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Security questions, SMSs and eye scanning – play it safe with authentication key

Do you solely count on passwords to protect your and your company’s data? It doesn’t matter if you answer yes or no, keep on reading anyway. You will discover that receiving security codes by SMS can get you into almost as nasty trouble as if there were no codes at all.

In the world of identity thefts and corporate espionage, security is a great asset and identification of users essential. 2FA, two-factor authentication is often confused with two-step authentication. Two-step authentication means inserting the same piece of information into two mediums, whereas 2FA means that the user authenticating him-/herself must have two mediums in his/her possession.

Confirming the account owner’s identity originated from security questions such as “what’s your mother’s maiden name” or “what was the name of your first pet”. Authentication has then expanded from this type of questions and back-up email addresses to security codes sent by SMS.

Ways of authenticating have developed dramatically in recent years. Let’s go over them in the following.

SMSs and phone calls

This is generally perceived as the minimum amount of identification required. For example, you cannot even open an account in the WhatsApp messaging service unless you provide a phone number through which the account is authenticated with a separately sent code. Since more and more people are communicating and using the Internet with their smartphones, identification by SMS or phone call is agile.

However, the world is familiar with several cases in which the attacker has managed to gain control over the user’s phone number. Usually this is done by fooling the telephone company’s customer service. This way the attacker can access the verification codes that will to be sent to the user, as well as the user’s SMS or call-verified accounts.

Identification apps

Google, for example, offers an identification app. Similarly, banks such as Nordea prefer authentication that takes place with an additional application. Both of these require a password or – in the case of Nordea – a username.

Using an identification app is more secure than the SMS or call confirmation. However, the disadvantage is that the applications need to be reinstalled when upgrading your phone. What can make their use exceptionally challenging, are application provider’s conditions in case your phone is ever stolen. In a situation like this, some banks require you to pay a visit to their office for verifying identity before the application can be downloaded again.

Physical identification key

Not long ago, at the beginning of this millennium, the sign of a self-respecting organization valuing security was RSA’s SecurID token. One of its customers was the Finnish company Nokia back during its days of glory.

Later, physical authentication keys have been introduced, among others, by Google. However, its Titan security key is so far available only in the United States.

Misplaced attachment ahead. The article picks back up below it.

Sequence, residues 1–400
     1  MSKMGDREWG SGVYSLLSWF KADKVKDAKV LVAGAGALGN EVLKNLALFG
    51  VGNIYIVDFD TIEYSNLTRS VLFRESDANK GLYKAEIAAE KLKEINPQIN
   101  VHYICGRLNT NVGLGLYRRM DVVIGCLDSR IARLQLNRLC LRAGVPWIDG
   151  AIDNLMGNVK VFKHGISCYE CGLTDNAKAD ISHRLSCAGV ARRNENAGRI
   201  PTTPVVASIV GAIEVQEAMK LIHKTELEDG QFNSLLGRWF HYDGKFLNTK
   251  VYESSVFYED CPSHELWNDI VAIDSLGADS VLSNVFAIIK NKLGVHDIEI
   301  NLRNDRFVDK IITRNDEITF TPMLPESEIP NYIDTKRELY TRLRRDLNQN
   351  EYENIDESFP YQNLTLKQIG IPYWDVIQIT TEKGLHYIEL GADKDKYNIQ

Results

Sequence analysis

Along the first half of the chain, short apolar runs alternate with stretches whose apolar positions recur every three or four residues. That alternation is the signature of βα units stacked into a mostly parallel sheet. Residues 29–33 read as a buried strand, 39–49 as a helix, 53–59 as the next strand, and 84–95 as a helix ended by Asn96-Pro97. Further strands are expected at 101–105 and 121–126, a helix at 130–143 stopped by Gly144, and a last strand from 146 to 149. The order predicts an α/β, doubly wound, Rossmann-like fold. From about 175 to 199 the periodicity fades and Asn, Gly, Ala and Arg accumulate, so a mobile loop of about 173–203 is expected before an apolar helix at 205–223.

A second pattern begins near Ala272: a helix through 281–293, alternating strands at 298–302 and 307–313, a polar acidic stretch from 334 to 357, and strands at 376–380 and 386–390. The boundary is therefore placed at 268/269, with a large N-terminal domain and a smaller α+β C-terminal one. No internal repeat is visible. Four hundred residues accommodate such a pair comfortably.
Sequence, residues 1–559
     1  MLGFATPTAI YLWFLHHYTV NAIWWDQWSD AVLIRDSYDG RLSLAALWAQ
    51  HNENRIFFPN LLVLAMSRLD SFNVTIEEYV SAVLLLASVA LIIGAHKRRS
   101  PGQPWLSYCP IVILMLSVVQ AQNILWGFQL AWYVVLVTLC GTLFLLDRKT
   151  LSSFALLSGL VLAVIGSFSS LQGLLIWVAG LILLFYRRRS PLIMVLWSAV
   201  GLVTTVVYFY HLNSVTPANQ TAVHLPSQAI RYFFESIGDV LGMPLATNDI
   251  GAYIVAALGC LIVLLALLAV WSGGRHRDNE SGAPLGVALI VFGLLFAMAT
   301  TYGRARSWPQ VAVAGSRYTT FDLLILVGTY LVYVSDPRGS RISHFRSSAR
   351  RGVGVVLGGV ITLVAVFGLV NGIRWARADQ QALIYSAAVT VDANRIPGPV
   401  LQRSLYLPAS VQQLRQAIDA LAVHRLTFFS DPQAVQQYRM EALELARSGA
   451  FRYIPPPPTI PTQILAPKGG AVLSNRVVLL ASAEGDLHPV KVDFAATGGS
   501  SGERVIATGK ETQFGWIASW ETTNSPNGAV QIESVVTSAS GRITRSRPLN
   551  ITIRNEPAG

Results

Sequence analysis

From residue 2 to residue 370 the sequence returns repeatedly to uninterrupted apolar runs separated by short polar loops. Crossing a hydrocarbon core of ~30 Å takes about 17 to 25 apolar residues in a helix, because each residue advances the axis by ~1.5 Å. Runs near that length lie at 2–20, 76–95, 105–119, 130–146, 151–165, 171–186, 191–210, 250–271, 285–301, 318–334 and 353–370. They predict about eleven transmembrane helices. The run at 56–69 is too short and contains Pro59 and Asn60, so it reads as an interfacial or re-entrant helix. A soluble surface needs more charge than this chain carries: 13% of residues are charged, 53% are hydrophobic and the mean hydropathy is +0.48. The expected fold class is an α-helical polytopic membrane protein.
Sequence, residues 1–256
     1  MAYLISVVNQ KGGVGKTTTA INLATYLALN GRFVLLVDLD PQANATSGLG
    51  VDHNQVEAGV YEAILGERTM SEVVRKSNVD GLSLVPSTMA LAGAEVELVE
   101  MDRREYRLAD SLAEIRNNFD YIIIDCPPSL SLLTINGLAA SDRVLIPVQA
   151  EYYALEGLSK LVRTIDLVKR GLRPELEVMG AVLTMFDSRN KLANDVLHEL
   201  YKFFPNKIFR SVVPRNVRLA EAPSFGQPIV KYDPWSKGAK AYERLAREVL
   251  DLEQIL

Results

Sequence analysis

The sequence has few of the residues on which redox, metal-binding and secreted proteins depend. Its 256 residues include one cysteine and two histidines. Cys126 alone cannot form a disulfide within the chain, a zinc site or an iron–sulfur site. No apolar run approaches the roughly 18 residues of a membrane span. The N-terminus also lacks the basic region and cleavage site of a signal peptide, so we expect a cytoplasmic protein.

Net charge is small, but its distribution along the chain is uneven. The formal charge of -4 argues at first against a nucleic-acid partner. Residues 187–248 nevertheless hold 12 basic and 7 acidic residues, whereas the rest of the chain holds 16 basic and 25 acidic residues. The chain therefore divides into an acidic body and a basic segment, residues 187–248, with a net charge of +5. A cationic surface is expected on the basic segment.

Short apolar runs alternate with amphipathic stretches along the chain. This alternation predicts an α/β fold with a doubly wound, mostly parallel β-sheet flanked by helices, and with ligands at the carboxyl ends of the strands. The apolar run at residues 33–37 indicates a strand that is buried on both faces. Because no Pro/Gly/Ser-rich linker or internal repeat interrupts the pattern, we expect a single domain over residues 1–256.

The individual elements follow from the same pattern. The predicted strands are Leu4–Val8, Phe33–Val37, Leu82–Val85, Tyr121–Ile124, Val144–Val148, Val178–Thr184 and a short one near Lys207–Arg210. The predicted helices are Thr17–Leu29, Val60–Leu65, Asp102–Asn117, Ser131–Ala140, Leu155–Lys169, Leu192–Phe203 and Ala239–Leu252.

The search engine giant’s identification key works by connecting it to a computer’s USB port. Other similar solutions are provided for example by Yubico, who even utilizes biometric identification in some of its authentication keys.

The good thing about physical keys is that their users do not have to rely on their phone, whose battery can die or whose number can be hijacked.

Biometric identifiers

In consumer usage, the biometric identifier is most often fingerprint authentication, but face recognition and iris recognition are becoming more common as well. Biometric identification methods are considered the most secure, even though smartphone identifiers have been fooled with, for example, photographs, gummy bears and contact lenses.

Developing technologies have still many differences, and the functionalities are uncertain, especially in technology aimed at consumers. As a means of identification, however, they provide an excellent additional layer to the multi-step identification that provides more security along other means of identification.

More is better

TOSIBOX® solution is secured by two-factor authentication (2FA). Users receive TOSIBOX® Key with 2048-bit RSA encryption. With TOSIBOX® Key, a secure connection can be established to one or more TOSIBOX® Locks to control devices attached to the Locks. The Lock, in turn, protects the outer edge of your corporate network through a VPN tunnel as the firewall that connects to the Key via the VPN tunnel.

Through TOSIBOX® Key, access rights can be easily and safely extended to software or mobile. As an additional option, TOSIBOX® Mobile Client and TOSIBOX® SoftKey function as sub-keys to TOSIBOX® Key. Two-factor authentication is also available for Mobile Clients and SoftKeys: they’re device-specific and password protected.

TOSIBOX® solution meets the high security standards of the industry, keeping your data safe from even the most inventive hackers’ tricks.


TOSIBOX® solution is always secured by two-factor authentication.

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